At the time of this writing, various formats are used within the code. 

 * Implementing classes should have Javadocs as well, to emphasize 
 * their function.
public class FooImpl implements Foo {
     * Important variables and structures should also be 
     * commented so that it is picked up by Javadocs.
	private static final int SAMPLE = 5;

    public boolean sampleMethod(int param) {
        // classic one-liner
        boolean val = false;
         * Multi-line comments within the code may use this 
         * convention.
        if (param < SAMPLE) {
            // FIXME: multiple lines may be commented like this
            // for code that may be removed or changed
            // return true;  
            val = true;
        return val;

Sample Javadoc generated documentation page

Interfaces and classes


Interfaces should always be given first pick of clear names that convey their purpose.  For example, if there is an interface representing a network device, and a class implementing it, the interface should be given the name Device, and the class, something indicating that it implements the Device interface, e.g. DefaultDevice.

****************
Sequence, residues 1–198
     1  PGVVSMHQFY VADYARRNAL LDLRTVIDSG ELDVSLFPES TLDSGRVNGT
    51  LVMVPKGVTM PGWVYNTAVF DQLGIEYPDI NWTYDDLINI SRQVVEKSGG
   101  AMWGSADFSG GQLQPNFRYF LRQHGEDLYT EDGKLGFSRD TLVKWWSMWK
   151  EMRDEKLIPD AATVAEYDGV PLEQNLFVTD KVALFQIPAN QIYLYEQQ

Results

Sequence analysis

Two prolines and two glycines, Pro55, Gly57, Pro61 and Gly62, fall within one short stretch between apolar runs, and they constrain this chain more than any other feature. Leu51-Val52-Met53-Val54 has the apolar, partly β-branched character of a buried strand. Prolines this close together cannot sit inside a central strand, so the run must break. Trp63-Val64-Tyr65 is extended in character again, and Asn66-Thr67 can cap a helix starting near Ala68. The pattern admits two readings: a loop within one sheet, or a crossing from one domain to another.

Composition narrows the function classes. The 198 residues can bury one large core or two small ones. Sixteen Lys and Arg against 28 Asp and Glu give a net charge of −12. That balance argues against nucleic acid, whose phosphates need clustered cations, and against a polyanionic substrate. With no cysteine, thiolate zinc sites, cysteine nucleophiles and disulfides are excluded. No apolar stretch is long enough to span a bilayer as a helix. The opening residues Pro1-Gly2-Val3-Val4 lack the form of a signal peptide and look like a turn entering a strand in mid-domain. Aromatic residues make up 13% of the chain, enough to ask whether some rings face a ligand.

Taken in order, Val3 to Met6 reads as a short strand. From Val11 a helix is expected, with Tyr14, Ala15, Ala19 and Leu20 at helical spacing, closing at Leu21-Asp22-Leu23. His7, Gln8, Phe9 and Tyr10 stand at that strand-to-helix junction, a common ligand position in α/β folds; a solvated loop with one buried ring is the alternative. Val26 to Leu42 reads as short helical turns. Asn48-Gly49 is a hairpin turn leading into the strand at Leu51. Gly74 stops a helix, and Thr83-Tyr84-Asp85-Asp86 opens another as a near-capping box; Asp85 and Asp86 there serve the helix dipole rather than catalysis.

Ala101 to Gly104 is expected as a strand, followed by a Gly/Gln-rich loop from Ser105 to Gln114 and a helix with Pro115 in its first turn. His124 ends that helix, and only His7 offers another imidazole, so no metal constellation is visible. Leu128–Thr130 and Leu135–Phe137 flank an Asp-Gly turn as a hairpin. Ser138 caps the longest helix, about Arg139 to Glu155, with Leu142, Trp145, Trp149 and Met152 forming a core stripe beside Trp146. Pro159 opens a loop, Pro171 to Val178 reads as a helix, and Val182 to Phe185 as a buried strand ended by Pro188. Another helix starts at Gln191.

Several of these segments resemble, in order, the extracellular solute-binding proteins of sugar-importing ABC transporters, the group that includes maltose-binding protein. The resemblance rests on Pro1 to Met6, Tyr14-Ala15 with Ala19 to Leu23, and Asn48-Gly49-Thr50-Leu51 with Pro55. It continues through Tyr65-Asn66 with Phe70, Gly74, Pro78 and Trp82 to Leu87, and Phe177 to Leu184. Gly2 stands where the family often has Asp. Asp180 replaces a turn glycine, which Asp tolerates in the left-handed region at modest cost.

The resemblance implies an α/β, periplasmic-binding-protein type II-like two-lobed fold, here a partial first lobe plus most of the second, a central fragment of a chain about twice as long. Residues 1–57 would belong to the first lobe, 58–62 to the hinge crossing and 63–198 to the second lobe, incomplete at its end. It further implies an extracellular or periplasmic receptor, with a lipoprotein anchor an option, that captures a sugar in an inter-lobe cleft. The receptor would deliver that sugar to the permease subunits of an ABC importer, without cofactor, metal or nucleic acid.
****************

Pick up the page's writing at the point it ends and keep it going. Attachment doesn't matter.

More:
Class and interface names whose names are based on acronyms such as IP, PCEP, BGP, etc. should continue to follow the standard camel-casing convention, e.g. IpAddress, PcepService, BgpMessage. This maintains readability and avoids confusion between names of classes and names of constants. There are a few exceptions to this in ONOS code-base, mostly in legacy code; new code should adhere to the camel-casing convention, however.


Wherever possible, references should be made to the interface, and not the implementing class. This includes method parameters. 

Nested (Inner) classes